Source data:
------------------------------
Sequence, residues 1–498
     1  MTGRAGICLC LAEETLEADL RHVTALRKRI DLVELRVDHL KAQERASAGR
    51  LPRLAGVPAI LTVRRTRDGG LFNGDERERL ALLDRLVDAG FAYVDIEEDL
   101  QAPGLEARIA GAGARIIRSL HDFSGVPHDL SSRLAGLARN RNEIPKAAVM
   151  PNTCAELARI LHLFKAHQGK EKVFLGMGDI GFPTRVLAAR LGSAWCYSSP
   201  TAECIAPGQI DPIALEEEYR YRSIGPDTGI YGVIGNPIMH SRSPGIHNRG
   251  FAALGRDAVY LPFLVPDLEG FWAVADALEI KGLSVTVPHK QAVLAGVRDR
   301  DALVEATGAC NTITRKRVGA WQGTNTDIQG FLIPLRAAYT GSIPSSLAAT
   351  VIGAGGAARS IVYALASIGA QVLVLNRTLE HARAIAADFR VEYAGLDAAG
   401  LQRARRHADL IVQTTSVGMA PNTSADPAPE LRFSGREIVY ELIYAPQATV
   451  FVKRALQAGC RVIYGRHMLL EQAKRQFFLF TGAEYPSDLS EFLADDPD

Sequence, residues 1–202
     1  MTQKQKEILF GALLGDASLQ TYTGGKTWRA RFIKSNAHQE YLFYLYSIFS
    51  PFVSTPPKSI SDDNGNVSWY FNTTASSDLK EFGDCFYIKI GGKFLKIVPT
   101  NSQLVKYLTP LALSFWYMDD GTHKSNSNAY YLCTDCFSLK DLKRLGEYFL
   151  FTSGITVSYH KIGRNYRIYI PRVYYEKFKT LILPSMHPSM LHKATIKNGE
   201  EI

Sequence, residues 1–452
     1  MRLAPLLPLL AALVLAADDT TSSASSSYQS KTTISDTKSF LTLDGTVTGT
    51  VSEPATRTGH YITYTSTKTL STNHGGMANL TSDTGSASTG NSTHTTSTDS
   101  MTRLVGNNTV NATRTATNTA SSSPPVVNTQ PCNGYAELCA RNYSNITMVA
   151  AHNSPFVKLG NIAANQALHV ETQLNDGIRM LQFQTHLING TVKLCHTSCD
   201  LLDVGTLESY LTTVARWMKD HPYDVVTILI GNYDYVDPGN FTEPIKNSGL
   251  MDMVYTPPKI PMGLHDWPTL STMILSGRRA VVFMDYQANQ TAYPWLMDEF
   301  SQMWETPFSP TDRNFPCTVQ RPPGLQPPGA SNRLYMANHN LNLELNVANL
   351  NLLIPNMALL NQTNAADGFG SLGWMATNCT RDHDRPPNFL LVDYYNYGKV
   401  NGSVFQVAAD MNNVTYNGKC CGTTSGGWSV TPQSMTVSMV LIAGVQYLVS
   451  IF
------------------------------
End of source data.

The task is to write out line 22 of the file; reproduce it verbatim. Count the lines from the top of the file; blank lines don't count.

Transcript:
   151  AHNSPFVKLG NIAANQALHV ETQLNDGIRM LQFQTHLING TVKLCHTSCD